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What Is Resisting Arrest?

Resisting arrest is when a person interferes with the process of a legal arrest.
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  • Written By: Mary McMahon
  • Edited By: O. Wallace
  • Last Modified Date: 27 March 2014
  • Copyright Protected:
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Resisting arrest is a misdemeanor in which someone interferes with the process of a legal arrest. Different nations have different laws surrounding arrest, but as a general rule, it is agreed that the legal right to arrest someone would conflict with allowing the right to self defense during an arrest, and therefore people who attempt to resist arrest can be charged, with their actions not being treated as self defense. However, there are a few caveats to keep in mind with charges of resisting arrest which are important for people to be aware of.

There are several settings in which someone can be charged with resisting arrest. Someone who actively fights arrest can be charged with resisting arrest. Likewise, people who elude police officers or lie about their identity are considered to be interfering with an arrest. If a bystander steps in and interferes, this is not considered resisting arrest, but the bystander can be charged with interference, as most nations have laws which make it illegal to disrupt a law enforcement officer who is performing legal duties.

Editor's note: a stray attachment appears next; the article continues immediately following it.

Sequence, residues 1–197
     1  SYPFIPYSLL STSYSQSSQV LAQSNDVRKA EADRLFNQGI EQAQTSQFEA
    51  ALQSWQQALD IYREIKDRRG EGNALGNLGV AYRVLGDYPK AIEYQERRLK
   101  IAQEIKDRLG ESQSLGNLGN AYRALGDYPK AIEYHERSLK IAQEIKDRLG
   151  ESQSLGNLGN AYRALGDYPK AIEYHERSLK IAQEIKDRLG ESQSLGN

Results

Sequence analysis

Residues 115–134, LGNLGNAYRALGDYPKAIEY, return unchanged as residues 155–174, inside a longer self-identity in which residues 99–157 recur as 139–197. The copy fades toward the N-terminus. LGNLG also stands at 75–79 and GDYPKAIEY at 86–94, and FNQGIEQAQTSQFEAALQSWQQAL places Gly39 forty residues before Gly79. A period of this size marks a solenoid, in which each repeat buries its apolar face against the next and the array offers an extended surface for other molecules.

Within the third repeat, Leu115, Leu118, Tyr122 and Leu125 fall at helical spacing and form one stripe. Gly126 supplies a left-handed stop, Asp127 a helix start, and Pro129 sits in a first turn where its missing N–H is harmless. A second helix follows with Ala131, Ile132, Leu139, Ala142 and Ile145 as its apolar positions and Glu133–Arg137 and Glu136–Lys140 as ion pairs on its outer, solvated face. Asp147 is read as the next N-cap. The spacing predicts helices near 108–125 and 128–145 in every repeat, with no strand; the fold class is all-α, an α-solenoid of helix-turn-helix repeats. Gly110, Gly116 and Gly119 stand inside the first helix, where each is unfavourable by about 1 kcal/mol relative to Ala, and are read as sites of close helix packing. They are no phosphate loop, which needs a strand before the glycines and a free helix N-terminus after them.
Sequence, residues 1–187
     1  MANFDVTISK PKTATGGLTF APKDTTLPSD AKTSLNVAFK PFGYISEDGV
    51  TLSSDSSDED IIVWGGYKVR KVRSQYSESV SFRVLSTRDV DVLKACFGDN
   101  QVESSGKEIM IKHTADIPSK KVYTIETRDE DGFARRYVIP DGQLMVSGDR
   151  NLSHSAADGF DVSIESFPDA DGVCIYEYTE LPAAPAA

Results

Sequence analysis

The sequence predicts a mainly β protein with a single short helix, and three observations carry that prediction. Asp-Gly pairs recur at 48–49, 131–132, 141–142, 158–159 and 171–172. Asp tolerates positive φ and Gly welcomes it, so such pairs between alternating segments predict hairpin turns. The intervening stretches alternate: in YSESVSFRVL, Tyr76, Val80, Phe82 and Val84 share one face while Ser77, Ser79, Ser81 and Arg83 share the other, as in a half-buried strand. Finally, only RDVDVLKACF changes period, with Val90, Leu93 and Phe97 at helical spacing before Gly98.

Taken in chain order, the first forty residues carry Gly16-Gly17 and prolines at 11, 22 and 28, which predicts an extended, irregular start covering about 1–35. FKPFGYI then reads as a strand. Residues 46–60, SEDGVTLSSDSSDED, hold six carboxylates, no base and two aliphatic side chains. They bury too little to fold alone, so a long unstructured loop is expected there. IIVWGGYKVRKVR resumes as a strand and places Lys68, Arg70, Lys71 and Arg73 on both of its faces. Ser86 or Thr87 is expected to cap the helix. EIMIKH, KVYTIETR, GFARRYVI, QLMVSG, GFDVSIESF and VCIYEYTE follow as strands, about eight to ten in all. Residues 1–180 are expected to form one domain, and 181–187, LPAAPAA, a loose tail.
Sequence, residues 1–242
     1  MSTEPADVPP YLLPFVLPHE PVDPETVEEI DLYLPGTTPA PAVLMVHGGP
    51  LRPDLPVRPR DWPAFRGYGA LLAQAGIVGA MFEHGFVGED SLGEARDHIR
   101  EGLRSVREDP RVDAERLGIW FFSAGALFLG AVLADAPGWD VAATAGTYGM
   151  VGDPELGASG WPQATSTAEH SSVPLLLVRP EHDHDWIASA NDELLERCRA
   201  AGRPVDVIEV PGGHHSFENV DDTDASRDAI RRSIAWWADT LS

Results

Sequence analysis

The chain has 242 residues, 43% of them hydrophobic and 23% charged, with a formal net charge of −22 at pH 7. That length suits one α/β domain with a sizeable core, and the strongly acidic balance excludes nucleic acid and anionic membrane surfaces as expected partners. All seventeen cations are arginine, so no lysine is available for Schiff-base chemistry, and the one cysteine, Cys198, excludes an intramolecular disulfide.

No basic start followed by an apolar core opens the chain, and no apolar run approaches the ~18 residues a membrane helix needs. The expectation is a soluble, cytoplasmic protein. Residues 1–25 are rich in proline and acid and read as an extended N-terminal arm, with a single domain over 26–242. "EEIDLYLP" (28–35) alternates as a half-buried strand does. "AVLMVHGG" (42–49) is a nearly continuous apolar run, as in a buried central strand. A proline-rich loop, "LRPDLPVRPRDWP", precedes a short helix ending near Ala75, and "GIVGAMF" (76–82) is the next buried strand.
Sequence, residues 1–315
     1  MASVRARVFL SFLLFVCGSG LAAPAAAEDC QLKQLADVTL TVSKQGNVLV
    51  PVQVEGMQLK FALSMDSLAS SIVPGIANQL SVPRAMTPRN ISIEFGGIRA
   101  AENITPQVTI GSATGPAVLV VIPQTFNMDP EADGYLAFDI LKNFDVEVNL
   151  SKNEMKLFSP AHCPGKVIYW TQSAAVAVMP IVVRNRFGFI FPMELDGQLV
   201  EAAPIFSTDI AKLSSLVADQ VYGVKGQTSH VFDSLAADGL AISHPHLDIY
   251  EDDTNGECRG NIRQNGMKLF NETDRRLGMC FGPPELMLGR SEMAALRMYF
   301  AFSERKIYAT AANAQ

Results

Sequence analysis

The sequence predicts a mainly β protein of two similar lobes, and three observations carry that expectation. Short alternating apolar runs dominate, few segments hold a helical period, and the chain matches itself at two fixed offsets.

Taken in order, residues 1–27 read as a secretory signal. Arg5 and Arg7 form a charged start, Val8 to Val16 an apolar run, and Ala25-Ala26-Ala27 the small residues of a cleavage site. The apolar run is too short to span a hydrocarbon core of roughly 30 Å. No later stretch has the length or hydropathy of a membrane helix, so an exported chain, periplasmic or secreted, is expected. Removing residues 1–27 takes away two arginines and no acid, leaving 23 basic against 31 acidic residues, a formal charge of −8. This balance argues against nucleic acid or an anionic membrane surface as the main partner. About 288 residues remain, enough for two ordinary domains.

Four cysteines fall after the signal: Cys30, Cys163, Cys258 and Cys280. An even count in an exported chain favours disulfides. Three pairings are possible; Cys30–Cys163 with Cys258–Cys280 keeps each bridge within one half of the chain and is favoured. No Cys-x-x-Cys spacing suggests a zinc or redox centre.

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However, for a charge of resisting arrest to hold up in court, it must be a legal arrest. If someone can demonstrate that the arrest was not, in fact, legal, the charges can be contested under the argument that the police officer was not protected and the citizen was within her or his rights to resist arrest. Likewise, if a police officer uses excessive force, the citizen is entitled to self defense, especially if that excessive force could be deemed a threat to the citizen's life or well being.

It is typically difficult to fight charges of resisting arrest, even if there are some grounds to contest the charges. Law enforcement officers are generally viewed as more trustworthy than the people they are arresting, and some courts may express a concern that a precedent could be set which might make it difficult for law enforcement to do their jobs in the future. Nations with a strong commitment to civil liberties tend to be more inclined to allow challenges to charges of resisting arrest.

In cases where the arrest was legal and the officer acted appropriately, the charge will stand. A charge of resisting arrest is added to other legal charges which the arrestee may be facing. For example, if a police officer arrests someone for driving drunk, the citizen would face drunk driving charges and charges for resisting arrest. The charges also go on someone's record, and can be used during bail and probation hearings to argue that the citizen's history suggests that he or she may present a risk.

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